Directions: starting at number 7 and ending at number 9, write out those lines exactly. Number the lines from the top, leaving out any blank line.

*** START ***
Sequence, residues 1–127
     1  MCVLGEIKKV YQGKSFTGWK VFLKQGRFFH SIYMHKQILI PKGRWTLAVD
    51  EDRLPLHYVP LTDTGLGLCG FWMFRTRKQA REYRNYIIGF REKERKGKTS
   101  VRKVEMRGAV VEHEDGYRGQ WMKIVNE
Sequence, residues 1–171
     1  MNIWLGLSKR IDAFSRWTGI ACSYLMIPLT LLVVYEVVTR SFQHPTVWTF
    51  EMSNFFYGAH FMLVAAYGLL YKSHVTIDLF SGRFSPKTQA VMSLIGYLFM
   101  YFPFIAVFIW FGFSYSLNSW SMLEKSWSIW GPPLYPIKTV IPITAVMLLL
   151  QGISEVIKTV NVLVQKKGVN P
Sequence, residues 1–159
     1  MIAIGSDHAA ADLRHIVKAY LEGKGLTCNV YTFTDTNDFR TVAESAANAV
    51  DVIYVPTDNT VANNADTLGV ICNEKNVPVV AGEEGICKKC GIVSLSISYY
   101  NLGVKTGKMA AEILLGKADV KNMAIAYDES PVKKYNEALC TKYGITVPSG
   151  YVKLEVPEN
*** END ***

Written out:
    51  EMSNFFYGAH FMLVAAYGLL YKSHVTIDLF SGRFSPKTQA VMSLIGYLFM
   101  YFPFIAVFIW FGFSYSLNSW SMLEKSWSIW GPPLYPIKTV IPITAVMLLL
   151  QGISEVIKTV NVLVQKKGVN P